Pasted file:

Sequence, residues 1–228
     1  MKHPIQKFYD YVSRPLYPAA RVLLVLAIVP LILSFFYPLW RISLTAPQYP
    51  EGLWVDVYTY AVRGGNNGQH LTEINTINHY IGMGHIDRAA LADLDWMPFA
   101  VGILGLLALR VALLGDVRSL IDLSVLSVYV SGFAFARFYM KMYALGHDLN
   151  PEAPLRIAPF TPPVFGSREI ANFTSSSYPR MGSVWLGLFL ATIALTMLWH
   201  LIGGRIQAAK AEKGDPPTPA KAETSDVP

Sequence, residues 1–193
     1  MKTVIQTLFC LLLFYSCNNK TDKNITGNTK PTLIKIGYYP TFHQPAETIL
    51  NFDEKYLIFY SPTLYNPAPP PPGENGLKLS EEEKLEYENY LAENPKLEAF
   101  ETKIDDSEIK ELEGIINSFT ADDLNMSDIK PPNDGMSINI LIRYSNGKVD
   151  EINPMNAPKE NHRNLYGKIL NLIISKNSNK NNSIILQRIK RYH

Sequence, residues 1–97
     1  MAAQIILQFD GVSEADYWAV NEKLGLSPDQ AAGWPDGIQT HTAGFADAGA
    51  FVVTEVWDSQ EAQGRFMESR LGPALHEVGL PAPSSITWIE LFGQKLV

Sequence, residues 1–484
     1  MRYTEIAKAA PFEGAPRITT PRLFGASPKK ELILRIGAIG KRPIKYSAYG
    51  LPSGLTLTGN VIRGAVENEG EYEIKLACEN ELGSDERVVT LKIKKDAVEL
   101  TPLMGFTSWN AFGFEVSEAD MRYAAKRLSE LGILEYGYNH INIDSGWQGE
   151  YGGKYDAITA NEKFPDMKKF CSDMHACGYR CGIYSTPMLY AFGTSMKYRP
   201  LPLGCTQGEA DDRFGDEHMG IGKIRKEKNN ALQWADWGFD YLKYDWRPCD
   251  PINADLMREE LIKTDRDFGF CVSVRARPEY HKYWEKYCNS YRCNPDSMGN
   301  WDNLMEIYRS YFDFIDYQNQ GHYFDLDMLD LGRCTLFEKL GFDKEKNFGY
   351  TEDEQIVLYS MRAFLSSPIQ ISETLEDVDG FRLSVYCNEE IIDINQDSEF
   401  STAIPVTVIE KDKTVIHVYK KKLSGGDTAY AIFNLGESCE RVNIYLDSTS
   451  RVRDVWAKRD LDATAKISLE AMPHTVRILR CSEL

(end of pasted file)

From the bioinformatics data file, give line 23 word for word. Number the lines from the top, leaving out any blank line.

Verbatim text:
   351  TEDEQIVLYS MRAFLSSPIQ ISETLEDVDG FRLSVYCNEE IIDINQDSEF